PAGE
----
Five phases of security

This will hopefully start a mini-series on some thoughts around security. I don't know if they'll be daily, weekly, or neverly, but we'll see.

These days, everyone seems focused on preventing attacks on software -- predominantly through the use of firewalls and defensive coding techniques -- but there's more to life than just prevention. (On the Windows platform, many people are also used to detecting and removing malicious software through the user of virus or spyware scanners, and although users of other platforms may scoff at this and pretend it's just a Windows problem, it really is a problem for all successful platforms).

Let's take a look at how we might protect a house:

First of all, many people display a "This house protected by BigSecurityFirm" sticker on their front door or window as a way to deter attacks on the house. It doesn't really matter if the house is protected by BigSecurityFirm or not; many attackers will see that the house claims to be protected, figure it's not worth the hassle, and move on to the next (easier) target.

Assuming that the sticker doesn't act as a deterrent, the next thing that stops people is the lock on your door. It helps prevent people from entering the premises, even if they want to. Again, some attackers will realise that trying to atack the house is not worth the effort, and move on to the next house, which might have cheaper locks.

If the attacker is persistent, they may be able to compromise (or circumvent) the locked doors and gain entry into the house. This is when you're subscription to BigSecurityFirm comes in handy, because the alarm system will detect the attackers in your house and alert the authorities. It may also let the attackers know they have been detected, although not all alarms do this.

If the attackers get away with your shiny new VHS player (ha ha ha, I bet kids these days don't even know what that is! 🙂 ) your insurance policy helps you recover from the attack by providing a replacement VHS unit, re-keying your locks, and doing anything else necessary to put your house back in order.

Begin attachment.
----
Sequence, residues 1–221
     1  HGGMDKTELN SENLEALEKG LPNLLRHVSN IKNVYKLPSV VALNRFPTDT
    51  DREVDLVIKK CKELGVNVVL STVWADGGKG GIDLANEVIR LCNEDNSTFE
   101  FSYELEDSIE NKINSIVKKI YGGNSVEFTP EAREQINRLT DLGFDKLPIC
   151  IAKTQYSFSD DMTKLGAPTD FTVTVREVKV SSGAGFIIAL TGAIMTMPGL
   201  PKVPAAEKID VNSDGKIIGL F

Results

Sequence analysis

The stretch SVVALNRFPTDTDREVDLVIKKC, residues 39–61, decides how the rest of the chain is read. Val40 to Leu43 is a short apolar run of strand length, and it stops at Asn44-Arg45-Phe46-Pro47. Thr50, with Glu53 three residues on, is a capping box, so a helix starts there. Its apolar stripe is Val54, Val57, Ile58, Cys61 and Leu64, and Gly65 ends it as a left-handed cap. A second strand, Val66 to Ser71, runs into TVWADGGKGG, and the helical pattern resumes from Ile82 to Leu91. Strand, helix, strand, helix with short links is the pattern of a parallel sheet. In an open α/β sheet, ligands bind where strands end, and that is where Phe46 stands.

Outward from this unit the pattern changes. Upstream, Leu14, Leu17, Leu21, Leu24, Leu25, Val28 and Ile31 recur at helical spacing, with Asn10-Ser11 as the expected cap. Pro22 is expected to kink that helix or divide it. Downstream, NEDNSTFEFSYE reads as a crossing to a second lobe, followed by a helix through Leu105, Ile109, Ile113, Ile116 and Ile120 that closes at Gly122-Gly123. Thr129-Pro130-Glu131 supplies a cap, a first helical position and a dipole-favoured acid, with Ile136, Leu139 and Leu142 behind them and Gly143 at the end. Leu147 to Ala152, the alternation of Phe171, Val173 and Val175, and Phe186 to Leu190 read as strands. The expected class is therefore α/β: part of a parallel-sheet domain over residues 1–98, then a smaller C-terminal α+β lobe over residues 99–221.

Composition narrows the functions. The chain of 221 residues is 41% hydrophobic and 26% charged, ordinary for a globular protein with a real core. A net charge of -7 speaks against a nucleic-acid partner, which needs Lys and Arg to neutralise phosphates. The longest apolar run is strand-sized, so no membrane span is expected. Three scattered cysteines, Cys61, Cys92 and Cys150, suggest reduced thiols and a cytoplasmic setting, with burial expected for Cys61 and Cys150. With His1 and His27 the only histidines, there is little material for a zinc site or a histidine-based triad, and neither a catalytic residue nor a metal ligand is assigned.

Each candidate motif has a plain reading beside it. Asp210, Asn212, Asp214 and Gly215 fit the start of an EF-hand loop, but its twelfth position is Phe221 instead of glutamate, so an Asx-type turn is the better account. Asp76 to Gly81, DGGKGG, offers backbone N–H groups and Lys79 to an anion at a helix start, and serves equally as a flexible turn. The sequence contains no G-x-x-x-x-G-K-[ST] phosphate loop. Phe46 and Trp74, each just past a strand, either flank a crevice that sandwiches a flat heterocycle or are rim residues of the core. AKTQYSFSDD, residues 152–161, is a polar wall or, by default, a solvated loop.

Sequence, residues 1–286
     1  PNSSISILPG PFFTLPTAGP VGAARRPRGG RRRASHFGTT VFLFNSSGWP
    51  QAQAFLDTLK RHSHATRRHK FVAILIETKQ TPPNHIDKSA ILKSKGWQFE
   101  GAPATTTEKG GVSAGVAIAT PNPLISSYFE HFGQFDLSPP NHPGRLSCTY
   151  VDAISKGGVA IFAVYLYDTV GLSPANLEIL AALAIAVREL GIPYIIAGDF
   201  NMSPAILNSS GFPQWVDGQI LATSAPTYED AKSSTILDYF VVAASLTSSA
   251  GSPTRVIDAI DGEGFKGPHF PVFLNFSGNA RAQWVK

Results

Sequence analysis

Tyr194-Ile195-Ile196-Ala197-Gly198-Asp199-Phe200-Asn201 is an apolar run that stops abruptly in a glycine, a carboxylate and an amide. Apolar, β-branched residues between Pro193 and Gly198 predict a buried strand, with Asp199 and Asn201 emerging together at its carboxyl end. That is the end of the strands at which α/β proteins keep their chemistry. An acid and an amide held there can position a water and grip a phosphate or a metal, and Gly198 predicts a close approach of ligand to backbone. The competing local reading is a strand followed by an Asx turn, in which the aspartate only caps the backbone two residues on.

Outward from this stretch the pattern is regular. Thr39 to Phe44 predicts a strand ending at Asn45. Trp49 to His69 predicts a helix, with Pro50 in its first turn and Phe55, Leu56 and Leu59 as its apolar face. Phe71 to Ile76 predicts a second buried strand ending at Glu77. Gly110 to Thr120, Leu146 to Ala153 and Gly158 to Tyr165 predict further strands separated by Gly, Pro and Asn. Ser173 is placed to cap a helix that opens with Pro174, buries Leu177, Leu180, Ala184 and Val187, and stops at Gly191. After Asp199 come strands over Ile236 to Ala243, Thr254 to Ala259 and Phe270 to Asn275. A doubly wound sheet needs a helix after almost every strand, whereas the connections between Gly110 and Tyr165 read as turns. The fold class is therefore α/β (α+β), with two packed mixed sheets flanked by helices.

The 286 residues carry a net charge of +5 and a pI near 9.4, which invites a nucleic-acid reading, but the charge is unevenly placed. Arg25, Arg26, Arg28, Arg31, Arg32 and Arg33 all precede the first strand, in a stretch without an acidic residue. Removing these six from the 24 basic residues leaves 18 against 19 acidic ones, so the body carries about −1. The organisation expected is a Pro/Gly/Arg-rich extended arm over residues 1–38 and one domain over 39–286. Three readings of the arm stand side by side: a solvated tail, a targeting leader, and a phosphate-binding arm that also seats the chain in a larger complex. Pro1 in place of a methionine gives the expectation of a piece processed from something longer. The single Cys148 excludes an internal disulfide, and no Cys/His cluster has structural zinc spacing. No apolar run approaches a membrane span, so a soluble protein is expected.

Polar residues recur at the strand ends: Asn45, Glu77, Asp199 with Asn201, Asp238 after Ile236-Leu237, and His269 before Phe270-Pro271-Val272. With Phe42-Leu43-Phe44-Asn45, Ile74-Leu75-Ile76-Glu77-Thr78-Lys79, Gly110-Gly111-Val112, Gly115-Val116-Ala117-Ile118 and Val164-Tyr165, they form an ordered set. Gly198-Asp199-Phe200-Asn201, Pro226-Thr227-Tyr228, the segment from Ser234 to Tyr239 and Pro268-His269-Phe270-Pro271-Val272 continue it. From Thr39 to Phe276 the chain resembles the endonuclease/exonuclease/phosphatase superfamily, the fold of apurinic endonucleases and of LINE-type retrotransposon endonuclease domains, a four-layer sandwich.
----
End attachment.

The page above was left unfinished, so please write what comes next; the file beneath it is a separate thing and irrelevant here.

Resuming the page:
And finally, the police can come to your house and use fingerprints, video surveillance, eyewitness reports, and other information to perform forensic analysis on the attack in an attempt to catch the attackers and learn how to prevent similar crimes in the future.

So to sum up for those who don't see the bold text, we have identified five phases for properly securing our house:

·          Deterrence

·          Prevention

·          Detection

·          Recovery

·          Analysis

My next entries in this series (if it ever gets off the ground!) will be to provide some thoughts on how we (we-as-in-developers, not just we-as-in-Microsoft) can incorporate these five phases in our software as well, in the hope that we might make it better.

Are there other phases you can identify? You could argue there was a phase that precludes the five I have listed -- motivation -- but this discussion presupposes somebody wants to attack you so I won't really talk about how to mitigate it (hint: get rid of everything you own and go live in a cave).

Comments (6)

  1. Darrell says:

    I have found a significant shortcoming on determining the business value around data. These include:

    – The lifetime of the data (data that is only active/applicable for 5 seconds does not need as long a key as data that will be around forever).

    – The cost of loss, both financial and intangible (loss of customer confidence).

    – The probability of loss.

    – Requirements for performance, functionality, and budget.

  2. Peter Torr says:

    Good points Darrell. Perhaps I can weasel this in as a meta-theme.

    One other thing to think of is not just how much you will lose in a successful attack, but also how much the attacker will gain. These can be very different values depending on the circumstances!

  3. Joe says:

    I think the Detection phase should be expanded to include active resistance. This is more than detection and what may/should come after/as alerts are sent out.

  4. Peter Torr says:

    Thanks Joe.

    I was actually going to lump that in with "prevention" (eg, part of an animal’s defences against beint hurt in an attack come from "fighting back") but you’re right, it does straddle the line. How can you fight back unless you’ve "detected" a problem? I guess in my original breakdown "prevention" covers stopping attacks (which may include detecting them to some degree) whilst "detection" covers detecting a successful attack. I’ll rethink it a bit more and maybe add another phase.

    Also, the more I think about it, the more "motivation" does play a part, but I’ll lump that in with "deterrence" as stated.

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